Yesterday I was planning to write another blog post about the quantum foundations – a clarified blog post explaining why any realist theory of matter etc. unavoidably leads to unacceptably huge heat capacity of gases etc. If your atoms have a nonzero spins and if you assume that the maximum projection of the spin with respect to the axis \(n\), i.e. \(j_n = j\), defines a state that is in principle distinguishable from all others corresponding to other axes \(n\), then you will simply have at least a two-sphere-worth of distinct, mutually exclusive states. Each atom will contain at least the latitude and longitude to parameterize this point on the \(S^2\). And this degeneracy of states will equip the gas with a high entropy.

The entropy is really infinite because the number of points on an \(S^2\) is infinite – and even the logarithm of this number is infinite. This is actually true not only for an \(S^2\) but for any "continuum". Whenever classical physics contained continuous degrees of freedom, and it basically always did, the entropy was naturally infinite and the only way how you could get a finite result was to impose a "cutoff on the precision" with which the points on the phase space could have been distinguished from each other. The undetermined choice of the cutoff was also responsible for the "unknown additive term in the entropy" that was always making the classical statistical physics (and especially the third law of thermodynamics) "ugly and incomplete". Quantum mechanics does these things naturally – \((2\pi \hbar)^N\) is the natural "minimum cell in the phase space" and the volume of a region in the phase space basically becomes an integer within quantum mechanics – this integer is identified with the dimension of the relevant Hilbert space. Quantum mechanics also fixes the additive constant and it allows you to say that materials frozen to \(T=0\,{\rm K}\) have \(S=0\) instead of some undetermined \(S_0\).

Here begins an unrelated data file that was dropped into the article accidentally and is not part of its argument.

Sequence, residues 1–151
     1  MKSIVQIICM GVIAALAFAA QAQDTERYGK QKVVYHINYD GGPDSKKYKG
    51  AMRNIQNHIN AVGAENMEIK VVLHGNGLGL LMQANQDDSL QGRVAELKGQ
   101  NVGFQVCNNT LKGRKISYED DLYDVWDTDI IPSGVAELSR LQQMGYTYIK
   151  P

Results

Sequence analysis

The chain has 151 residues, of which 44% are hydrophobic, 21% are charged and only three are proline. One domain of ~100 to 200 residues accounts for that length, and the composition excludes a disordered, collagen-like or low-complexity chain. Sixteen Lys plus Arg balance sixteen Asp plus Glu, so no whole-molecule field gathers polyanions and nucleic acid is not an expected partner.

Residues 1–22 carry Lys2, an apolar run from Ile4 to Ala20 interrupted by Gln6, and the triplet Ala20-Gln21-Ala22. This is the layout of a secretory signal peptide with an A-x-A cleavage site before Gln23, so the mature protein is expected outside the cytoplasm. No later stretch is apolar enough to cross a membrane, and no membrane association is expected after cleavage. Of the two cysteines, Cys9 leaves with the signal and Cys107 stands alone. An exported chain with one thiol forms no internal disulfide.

The founders of quantum mechanics understood these things because they had actually spend some time – before the victorious advances around 1925 that actually worked – with the unsuccessful efforts to explain away the ultraviolet catastrophe, low heat capacity of materials, and many other things that apparently (and, yes, really) violated the predictions of classical physics. Much of their wisdom was accumulated during their serious but failed efforts to make the classical theories work. What doesn't kill you makes you stronger.

Contemporary physicists – and physics students – are never going through this exercise of "guaranteed to be doomed" attempts to explain all these basic features of Nature using a basically classical theory. Or at least, they don't have the same standards and don't demand themselves to actually calculate the numbers and other details – "philosophically pleasing" vague garbage is often sufficient to satisfy many people today. So lots of them end up completely misunderstanding why e.g. Bohmian mechanics is a pile of junk that suffers from almost all the lethal problems as the failed classical theories in the pre-1925 but modern era.